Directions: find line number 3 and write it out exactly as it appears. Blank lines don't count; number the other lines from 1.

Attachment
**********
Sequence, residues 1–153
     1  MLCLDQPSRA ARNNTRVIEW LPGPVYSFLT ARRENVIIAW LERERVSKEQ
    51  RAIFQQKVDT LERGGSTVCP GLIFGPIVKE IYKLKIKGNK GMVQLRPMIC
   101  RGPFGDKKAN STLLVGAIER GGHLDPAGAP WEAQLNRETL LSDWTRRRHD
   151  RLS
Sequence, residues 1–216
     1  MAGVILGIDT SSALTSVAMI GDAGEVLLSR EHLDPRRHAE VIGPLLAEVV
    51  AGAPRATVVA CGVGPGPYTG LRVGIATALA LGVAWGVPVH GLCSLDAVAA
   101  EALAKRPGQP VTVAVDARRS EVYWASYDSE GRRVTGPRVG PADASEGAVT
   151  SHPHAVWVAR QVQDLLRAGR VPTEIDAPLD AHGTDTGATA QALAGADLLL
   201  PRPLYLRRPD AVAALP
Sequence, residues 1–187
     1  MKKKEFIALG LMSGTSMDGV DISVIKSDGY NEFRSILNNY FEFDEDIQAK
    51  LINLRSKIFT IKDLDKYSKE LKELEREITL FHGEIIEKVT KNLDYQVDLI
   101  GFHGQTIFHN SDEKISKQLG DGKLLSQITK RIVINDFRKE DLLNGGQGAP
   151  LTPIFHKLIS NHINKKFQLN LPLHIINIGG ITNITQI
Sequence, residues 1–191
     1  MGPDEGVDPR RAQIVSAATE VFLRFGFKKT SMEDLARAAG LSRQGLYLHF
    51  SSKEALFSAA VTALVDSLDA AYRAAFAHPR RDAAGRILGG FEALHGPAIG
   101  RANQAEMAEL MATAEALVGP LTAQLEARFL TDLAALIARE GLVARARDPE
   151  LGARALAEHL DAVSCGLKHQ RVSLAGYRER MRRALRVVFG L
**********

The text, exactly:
    51  RAIFQQKVDT LERGGSTVCP GLIFGPIVKE IYKLKIKGNK GMVQLRPMIC